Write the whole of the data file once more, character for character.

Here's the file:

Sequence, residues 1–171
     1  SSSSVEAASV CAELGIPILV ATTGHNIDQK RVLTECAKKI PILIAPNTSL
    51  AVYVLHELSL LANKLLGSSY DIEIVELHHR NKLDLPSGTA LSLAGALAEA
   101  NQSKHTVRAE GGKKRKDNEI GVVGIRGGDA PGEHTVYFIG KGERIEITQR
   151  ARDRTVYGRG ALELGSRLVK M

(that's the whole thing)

Sequence, residues 1–171
     1  SSSSVEAASV CAELGIPILV ATTGHNIDQK RVLTECAKKI PILIAPNTSL
    51  AVYVLHELSL LANKLLGSSY DIEIVELHHR NKLDLPSGTA LSLAGALAEA
   101  NQSKHTVRAE GGKKRKDNEI GVVGIRGGDA PGEHTVYFIG KGERIEITQR
   151  ARDRTVYGRG ALELGSRLVK M